1. State-wise calling time
As per the TCPA compliance regulations, telemarketers (and debt collectors) can make calls between 8:00 am and 9:00 pm.
But a key point to note here is that these time restrictions are different for different states. The 8:00 am to 9:00 pm is just a guideline laid out by the FCC, but states have the power to decide whether they wish to stick to this range or a lesser one.
For example, in the State of Massachusetts, you can only make calls between 8:00 am and 8:00 pm (and not 9:00 pm).
Keep in mind that this time is as per the recipients’ local time. So if you’re running operations that are spread across the country, make sure that your calling hours coincide with the debtor’s local time.
You can refer to this sheet to know about the State by state calling time restrictions.
How can you stay compliant?
Well, the answer is simple, don’t call after 9:00 pm or before 8:00 am. But I know that this could be quite difficult to keep up with, given that you’ll have to look at your watch every time (at least when you start your day or near the end) before making a call. Plus, if your operations are spread across time zones, the effort to calculate the time before making calls just adds to the complexity.
A more efficient way to stay compliant would be to schedule the daily operational hours of your calling campaigns in your call center solution. When setting up a calling campaign on CallHub, you can set this before the campaign commences.
The campaign automatically remains inactive outside of these hours, and agents won’t be at the risk of breaching this TCPA rule.
Pro tip: When setting this schedule, keep some buffer in the daily operational hours. For example, instead of setting up a campaign from 8:00 am to 9:00 pm, set it from 9:00 am to 7:00 am. This will ensure you maintain compliance in case a call goes on for too long.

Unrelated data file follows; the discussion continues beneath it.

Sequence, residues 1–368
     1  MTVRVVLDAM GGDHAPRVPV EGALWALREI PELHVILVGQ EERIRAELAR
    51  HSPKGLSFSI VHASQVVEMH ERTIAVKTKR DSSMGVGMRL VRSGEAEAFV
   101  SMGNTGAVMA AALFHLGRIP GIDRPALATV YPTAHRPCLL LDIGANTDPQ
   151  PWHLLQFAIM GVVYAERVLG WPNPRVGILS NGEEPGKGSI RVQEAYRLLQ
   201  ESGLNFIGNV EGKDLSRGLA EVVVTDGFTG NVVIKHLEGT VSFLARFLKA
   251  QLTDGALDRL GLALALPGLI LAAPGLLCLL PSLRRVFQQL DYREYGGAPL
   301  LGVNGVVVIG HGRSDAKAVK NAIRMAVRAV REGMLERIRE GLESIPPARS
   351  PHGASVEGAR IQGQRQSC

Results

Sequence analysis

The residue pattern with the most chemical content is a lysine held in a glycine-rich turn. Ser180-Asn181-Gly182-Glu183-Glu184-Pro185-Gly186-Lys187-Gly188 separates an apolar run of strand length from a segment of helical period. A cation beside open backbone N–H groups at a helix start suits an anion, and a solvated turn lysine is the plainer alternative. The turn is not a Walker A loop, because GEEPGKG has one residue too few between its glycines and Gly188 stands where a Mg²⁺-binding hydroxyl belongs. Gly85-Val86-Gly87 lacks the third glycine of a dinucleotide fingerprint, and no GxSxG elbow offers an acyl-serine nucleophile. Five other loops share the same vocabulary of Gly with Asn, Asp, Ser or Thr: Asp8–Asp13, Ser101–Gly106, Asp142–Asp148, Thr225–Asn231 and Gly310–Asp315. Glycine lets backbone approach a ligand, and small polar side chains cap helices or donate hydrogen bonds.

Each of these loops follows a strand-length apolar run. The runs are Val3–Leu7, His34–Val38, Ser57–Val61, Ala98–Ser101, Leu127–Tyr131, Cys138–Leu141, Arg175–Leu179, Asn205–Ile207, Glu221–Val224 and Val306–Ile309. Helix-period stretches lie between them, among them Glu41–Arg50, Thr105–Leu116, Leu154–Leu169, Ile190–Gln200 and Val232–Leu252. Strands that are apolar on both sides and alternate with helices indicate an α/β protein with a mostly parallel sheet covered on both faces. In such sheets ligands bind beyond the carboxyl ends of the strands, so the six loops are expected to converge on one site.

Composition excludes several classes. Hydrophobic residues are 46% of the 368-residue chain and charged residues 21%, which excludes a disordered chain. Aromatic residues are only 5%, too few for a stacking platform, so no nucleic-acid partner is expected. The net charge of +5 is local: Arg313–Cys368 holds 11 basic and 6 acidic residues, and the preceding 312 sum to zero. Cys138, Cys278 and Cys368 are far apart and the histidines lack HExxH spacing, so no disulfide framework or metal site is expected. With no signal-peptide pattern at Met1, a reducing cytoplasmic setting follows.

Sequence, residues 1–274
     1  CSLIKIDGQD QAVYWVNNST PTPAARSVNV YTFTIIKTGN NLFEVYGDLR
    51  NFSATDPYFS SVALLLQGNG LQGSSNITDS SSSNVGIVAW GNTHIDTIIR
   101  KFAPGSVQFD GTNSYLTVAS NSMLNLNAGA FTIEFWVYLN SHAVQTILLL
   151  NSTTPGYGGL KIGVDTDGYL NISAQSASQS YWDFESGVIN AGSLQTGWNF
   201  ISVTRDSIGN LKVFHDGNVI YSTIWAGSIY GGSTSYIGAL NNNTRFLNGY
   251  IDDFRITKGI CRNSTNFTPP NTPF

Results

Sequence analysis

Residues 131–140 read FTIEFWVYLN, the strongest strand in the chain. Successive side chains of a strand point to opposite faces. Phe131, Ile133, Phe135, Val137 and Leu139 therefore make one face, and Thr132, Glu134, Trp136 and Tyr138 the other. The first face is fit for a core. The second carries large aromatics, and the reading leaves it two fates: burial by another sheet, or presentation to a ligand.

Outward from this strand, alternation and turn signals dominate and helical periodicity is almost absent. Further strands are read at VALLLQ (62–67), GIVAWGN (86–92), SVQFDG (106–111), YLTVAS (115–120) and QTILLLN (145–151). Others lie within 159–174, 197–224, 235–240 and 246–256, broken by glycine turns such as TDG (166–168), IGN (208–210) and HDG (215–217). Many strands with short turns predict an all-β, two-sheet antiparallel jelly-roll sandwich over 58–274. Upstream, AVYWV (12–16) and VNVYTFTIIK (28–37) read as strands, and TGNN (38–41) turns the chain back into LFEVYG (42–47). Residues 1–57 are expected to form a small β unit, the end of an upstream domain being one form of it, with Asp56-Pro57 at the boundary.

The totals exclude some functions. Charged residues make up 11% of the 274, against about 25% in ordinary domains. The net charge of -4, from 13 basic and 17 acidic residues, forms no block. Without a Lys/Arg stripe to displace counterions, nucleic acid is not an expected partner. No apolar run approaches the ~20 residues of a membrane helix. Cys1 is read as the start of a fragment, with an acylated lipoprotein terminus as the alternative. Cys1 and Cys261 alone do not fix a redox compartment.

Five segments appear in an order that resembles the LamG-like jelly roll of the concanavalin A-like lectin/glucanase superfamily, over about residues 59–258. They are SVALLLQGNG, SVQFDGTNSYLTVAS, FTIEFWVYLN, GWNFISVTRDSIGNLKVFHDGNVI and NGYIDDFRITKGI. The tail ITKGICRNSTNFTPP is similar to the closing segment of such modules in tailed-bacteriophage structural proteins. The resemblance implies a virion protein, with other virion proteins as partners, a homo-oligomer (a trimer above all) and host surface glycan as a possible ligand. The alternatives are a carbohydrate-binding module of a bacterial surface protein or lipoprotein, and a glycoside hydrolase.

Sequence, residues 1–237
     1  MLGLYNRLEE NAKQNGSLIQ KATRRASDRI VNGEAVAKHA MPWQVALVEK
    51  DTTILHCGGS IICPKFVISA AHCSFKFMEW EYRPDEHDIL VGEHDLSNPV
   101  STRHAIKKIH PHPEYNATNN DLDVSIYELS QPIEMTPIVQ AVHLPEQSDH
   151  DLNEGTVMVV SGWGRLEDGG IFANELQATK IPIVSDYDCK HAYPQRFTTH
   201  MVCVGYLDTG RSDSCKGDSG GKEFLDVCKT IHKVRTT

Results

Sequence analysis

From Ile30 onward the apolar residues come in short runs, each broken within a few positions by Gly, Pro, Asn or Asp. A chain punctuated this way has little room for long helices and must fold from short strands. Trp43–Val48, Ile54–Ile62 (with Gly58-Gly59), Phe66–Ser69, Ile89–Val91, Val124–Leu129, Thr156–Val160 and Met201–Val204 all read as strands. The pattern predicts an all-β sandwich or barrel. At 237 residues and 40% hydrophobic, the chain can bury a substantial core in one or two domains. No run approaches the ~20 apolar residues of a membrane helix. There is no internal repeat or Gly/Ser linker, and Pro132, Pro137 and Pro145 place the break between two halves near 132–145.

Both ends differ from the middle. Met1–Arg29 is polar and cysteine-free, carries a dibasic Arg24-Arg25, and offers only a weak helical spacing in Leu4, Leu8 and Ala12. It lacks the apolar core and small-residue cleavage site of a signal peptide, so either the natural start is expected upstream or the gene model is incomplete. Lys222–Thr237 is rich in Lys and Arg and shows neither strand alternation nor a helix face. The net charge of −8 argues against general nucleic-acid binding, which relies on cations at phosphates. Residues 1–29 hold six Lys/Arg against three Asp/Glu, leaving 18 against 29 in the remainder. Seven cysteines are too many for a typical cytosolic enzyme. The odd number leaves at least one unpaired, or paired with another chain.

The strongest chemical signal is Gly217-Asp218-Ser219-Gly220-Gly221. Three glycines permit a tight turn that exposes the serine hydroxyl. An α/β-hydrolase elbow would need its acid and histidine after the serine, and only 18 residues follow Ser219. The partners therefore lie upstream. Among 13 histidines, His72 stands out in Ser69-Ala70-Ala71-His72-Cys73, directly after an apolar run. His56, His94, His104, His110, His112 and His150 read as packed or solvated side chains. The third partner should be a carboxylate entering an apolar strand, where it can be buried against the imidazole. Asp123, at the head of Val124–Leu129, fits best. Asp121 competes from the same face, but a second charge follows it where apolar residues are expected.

2. Calling people on the DNC list
A Do-Not-Call list (DNC) or Do-Not-Call registry is a list of personal phone numbers that are off-limits to telemarketers. The FCC maintains a national registry of these phone numbers that people can register to for free if they don’t wish to receive these calls.
But, debt collection calls are not telemarketing calls which means that they can call people even listed on the National DNC list.
However, if the debtor explicitly asks not to be called, then the collection agency has to uphold this request, no matter what.
The request to revoke consent can be made either verbally (during a call) or in written via direct mail to the debt collector. In either case, you will have to rely on other ways like letters or emails to get in touch with these debtors.
How can you stay compliant?
The only way to ensure that you don’t call people who revoked their consent is by maintaining a DNC list of your own. There are two ways to do this:
- Maintain a sheet and keep adding the numbers of the debtors who asked you not to call them. The next time you make a call, just cross-check whether the number you’re dialing is in the sheet.